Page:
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CCNA 5.4: Troubleshoot client- and router-based DHCP connectivity issues


Client and router based DHCP connectivity issues can be the result of any number of issues, but most often it is due to a misconfiguration.


Study Notes:

  • Client and router based DHCP connectivity issues are typically the result of misconfigurations.
  • Has the DHCP lease expired?
    • If the lease has expired and another client is assigned the IP, their could be duplicate IPs on the network causing a conflict.  Use the show ip dhcp conflict command to detect.
    • When dhcp conflicts are detected, the address is removed from the pool until an administrator resolves the issue.
  • Can the client get to the DHCP server?
    • Troubleshoot networking issues.  Check vlans, switchports, cabling and configurations.
    • Set a static IP on the client and test by pinging the DHCP server (the router).  If the client can't ping the DHCP server, troubleshoot the networking more.  If the client can ping the DHCP server, the issue is most likely with the DHCP server.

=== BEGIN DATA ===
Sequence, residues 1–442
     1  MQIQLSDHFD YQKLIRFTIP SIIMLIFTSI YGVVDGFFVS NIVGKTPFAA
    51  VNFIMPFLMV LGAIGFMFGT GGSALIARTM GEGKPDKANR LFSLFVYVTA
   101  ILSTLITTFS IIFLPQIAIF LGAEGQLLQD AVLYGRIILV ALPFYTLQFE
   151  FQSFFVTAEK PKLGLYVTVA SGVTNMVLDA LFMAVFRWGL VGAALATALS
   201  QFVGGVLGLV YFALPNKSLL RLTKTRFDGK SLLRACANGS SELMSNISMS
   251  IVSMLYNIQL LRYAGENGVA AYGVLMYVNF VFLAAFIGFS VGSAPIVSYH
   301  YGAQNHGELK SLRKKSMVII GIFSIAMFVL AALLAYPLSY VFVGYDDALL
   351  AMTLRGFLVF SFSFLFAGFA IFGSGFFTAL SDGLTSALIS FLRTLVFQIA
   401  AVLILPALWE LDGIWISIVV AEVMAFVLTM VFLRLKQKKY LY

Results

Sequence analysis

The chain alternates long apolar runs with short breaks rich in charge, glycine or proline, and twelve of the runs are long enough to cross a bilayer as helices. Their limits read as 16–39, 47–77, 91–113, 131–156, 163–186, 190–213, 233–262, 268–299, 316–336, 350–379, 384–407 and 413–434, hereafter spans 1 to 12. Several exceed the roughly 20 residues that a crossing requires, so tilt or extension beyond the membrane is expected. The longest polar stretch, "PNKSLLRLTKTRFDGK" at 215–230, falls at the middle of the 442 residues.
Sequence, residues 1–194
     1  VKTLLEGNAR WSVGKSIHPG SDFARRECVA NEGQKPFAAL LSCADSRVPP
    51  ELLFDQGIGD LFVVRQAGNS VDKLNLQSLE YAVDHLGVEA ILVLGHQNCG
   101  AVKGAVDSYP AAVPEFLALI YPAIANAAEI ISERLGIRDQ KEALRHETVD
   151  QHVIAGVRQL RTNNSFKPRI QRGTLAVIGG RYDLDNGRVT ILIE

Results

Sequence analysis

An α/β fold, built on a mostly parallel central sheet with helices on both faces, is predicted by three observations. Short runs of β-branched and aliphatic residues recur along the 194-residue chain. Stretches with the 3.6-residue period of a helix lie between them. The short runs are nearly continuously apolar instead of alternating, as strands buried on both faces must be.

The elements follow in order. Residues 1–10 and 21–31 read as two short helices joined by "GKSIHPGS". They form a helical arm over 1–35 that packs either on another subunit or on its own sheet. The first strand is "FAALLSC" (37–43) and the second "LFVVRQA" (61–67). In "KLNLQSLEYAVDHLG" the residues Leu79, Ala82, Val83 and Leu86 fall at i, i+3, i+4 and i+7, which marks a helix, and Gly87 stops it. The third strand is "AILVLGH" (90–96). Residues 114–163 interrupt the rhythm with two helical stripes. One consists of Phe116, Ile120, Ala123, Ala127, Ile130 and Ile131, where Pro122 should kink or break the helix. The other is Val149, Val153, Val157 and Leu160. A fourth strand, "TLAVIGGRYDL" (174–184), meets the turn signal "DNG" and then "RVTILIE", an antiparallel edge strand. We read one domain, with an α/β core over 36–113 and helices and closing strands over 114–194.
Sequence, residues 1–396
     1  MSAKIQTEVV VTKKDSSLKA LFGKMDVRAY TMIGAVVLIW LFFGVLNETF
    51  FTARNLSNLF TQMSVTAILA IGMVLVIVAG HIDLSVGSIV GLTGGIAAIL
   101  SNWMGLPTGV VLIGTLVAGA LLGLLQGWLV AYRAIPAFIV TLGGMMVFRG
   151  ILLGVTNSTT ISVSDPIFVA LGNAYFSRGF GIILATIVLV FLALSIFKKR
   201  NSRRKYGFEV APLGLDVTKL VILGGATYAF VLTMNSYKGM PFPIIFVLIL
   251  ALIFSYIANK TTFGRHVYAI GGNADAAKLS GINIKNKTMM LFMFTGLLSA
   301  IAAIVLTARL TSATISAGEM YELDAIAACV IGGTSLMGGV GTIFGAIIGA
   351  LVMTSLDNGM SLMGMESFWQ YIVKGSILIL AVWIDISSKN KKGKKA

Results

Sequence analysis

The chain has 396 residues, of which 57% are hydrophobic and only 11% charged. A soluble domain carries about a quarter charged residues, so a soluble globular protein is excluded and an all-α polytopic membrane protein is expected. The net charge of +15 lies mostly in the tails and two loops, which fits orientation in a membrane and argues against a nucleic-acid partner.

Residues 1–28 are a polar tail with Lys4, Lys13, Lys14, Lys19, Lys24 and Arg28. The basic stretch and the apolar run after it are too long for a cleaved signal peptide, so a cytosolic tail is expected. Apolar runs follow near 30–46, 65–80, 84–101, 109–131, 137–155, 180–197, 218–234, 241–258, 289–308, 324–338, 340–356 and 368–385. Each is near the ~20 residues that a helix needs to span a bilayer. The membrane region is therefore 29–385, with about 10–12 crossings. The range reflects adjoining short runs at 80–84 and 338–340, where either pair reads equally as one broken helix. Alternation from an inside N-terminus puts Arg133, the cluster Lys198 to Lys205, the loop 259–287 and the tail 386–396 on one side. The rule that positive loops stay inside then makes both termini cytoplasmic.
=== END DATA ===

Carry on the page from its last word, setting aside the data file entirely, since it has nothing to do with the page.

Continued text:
• Is the issue with the DHCP server?
    • In this case, the DHCP server is running on the router.
    • If the client can ping the DHCP server, verify the DHCP configuration on the router is correct.
  • Is the issue with the DHCP relay?
    • Remove the relay from the equation by setting up the client on the same subnet as the DHCP server.  If it gets assigned an address on the directly connected subnet than the issue points to the relay agent.


PacketTracer Lab: CCNA-5.4-Troubleshoot-client-and-router-based-DHCP-connectivity-issues.pkt


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